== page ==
The scandal of self-employed cleaners on London Underground


AGS people and LUL are complicit in a tax evasion scam whereby they use the self-employed status of workers to avoid paying employers National Insurance liabilities to HMRC, SSP and holiday pay to the workers and destroy pretty much every right a worker in the UK enjoys.
Workers, even agency workers, have certain rights and protections. A self-employed cleaner has none. I would be interested to see the actual contract between the self-employed and LUL or its sub-contractor, if one even exists.

DEFINITION of 'Tax Evasion' An illegal practice where a person, organisation or corporation intentionally avoids paying his/her/its true tax liability. Those caught evading taxes are generally subject to criminal charges and substantial penalties.

I am shocked that hundreds of our cleaners are on self-employed contracts, but only getting the same hourly rate as their colleagues employed directly. Where is the benefit for the worker? It’s a one sided contract of employment. These workers are not bone fide limited liability companies, the agency are forcing their employees to declare falsely they are operating as an independently owned small trader.

“Disguised employees - illegal under HMRC rules”

This practice is known as disguised employees and is illegal under HMRC rules. This agency AGS people, with London Underground in full knowledge and agreement, are syphoning millions of tax payers’ money straight into their pockets. To add insult to injury, the deliberate evasion of paying employers tax liabilities to HMRC is being overlooked by those meant to ensure public bodies, such as LUL/TfL are discharging their responsibilities.

The official term used by HM Revenue & Customs (HMRC) is a "disguised employee", which describes individuals who are directly employed by a company, but cheat the tax system by claiming they are a freelance or contract worker. But many would argue that the "cheat" is as likely to be the employer as the individual. Employers use outsourcing and casualising of their workforce to save on national insurance, pensions, holiday pay, and above all to skirt employment law. In general, employees have rights – especially regarding dismissal – that casuals and contractors don't. Indeed, some employers insist that individuals structure themselves into a personal service company so they don't have to pay national insurance and can fire them at will.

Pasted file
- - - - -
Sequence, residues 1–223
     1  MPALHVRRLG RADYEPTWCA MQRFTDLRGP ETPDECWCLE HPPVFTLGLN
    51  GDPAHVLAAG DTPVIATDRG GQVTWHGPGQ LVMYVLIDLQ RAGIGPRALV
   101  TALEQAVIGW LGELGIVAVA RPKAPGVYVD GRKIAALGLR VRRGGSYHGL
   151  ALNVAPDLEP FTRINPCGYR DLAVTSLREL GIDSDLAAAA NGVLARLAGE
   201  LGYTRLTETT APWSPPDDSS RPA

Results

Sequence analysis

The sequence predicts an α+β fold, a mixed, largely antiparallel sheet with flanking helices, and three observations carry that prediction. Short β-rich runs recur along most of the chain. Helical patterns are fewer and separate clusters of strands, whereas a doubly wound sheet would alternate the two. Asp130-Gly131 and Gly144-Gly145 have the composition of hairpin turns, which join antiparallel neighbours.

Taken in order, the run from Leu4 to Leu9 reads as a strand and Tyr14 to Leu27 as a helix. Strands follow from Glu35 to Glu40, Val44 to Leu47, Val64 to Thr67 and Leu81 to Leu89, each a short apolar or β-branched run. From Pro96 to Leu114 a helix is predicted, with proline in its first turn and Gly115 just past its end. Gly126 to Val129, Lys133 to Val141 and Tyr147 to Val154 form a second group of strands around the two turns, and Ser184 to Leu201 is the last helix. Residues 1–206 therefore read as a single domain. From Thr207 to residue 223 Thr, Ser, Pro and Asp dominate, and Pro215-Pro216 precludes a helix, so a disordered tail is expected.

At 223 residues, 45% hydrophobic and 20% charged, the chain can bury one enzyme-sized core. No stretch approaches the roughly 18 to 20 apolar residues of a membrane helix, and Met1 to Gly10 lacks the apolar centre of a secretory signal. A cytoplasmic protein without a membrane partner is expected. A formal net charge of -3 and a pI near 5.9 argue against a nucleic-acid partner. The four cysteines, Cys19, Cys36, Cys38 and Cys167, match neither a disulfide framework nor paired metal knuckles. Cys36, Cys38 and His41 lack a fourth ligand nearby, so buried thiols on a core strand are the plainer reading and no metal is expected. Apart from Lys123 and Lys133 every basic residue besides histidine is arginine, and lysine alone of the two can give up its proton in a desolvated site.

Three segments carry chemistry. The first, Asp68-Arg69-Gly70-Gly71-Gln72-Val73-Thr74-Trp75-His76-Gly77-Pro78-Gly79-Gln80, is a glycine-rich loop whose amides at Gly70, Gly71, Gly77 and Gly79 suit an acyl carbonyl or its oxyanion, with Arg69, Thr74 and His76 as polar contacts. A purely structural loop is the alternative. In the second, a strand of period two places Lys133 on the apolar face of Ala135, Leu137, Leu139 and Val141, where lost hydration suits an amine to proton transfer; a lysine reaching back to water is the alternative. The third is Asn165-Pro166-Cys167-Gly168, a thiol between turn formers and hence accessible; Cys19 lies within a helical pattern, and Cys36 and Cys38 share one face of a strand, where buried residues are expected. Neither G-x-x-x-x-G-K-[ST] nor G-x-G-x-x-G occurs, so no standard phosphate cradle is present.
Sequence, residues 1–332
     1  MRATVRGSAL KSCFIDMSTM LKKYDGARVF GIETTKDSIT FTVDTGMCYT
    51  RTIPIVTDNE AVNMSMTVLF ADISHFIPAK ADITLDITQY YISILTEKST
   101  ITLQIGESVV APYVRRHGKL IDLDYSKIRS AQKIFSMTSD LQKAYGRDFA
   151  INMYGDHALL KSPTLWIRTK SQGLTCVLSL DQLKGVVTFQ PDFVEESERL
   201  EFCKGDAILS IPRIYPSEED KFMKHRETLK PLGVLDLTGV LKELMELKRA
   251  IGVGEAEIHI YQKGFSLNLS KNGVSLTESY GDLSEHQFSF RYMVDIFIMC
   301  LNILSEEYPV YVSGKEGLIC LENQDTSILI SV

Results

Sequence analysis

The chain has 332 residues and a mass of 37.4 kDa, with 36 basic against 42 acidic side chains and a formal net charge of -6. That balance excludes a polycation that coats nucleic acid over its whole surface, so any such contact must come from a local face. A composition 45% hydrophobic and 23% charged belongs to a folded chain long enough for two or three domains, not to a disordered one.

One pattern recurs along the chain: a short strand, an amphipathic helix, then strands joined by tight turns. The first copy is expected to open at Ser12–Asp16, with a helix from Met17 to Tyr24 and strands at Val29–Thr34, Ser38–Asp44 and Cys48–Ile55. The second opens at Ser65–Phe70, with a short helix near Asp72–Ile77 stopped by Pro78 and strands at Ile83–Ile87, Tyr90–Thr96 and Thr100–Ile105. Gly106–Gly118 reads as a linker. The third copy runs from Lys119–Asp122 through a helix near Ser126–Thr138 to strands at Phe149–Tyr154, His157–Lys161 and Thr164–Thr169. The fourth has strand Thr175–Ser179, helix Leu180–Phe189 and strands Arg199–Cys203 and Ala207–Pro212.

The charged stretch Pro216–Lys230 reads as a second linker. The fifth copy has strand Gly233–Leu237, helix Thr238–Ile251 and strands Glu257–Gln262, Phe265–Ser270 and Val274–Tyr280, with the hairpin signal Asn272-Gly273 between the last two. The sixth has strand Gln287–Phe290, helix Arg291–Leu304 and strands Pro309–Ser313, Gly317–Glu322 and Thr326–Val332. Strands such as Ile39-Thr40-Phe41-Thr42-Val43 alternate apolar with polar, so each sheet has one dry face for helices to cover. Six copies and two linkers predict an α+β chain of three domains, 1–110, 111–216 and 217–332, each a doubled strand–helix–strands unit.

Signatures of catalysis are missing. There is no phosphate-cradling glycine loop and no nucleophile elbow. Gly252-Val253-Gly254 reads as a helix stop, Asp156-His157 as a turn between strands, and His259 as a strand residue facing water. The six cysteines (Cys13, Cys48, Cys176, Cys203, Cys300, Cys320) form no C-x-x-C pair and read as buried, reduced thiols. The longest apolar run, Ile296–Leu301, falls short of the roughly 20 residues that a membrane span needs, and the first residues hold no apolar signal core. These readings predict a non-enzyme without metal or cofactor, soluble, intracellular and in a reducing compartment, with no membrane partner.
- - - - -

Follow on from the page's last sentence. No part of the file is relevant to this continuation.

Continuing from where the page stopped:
HMRC has long tried to weed out disguised employees. The law already states that employees cannot resign and start work again in their previous job employed as a company. As long ago as 1999, then Chancellor Gordon Brown ordered a clampdown on disguised employees through what became known as "IR35". It set out a number of tests designed to catch companies and individuals avoiding tax.

When is an employee not an employee? - When they work as a cleaner on London Underground

So how can you spot a disguised employee? It's not only about the length of engagement; a contractor can, legally, remain with one company for years. HMRC looks at a number of tests. Broadly speaking, if someone behaves like an employee and is treated like an employee, they probably are an employee, and can't be paid gross. HMRC couches it in terms such as "control" and "substitution".

• Control. Does the employer have control over the individual, deciding when and where they work? Can the employer move the individual to a variety of tasks? Does the employer require the individual to work the same hours as other workers? Does the employer decide which part of a project the individual will carry out? Does the individual have to request when they can take time off? Is he or she expected to "busy themselves" when work on a particular project dries up? If the answer to any of these questions is yes, it's likely the individual is an employee, not a freelance or contractor.

• Substitution, If the individual can't substitute someone else to do their work, they may be regarded as an employee. This is where some high-profile figures in the media may find the rules challenging. They can set up a company that provides services, but if the TV or radio station won't accept anyone but the HMRC may argue they are, in fact, an employee.

• Right of refusal. This is crucial. In an employee/employer relationship, there is something called "mutuality of obligation". If a contractor can't prove they have the right to refuse work, it suggests they are an employee.

• Business premises. Does the individual own or rent business premises separate from their home and from where they are contracted to work?

• Efficiency. Can the individual finish a contract early? Can they, for example, agree a £10,000 fee for three months work and finish it in two? If so, they are a contractor. If they are expected to do something else for that other month, they are probably an employee.

• Assistance. Does the individual engage other workers who bring in at least 25% of turnover? Then the "personal service company" would, in the eyes of the HMRC, appear genuine.

• Advertising. Has the individual spent at least £1,200 in the past 12 months on advertising? This is evidence they are a genuine small business seeking work.

These tests are designed to catch people who behave like employees, but get paid by a limited company. In the last budget the tests were tightened further, with a package of measures to "tackle avoidance through use of personal service companies".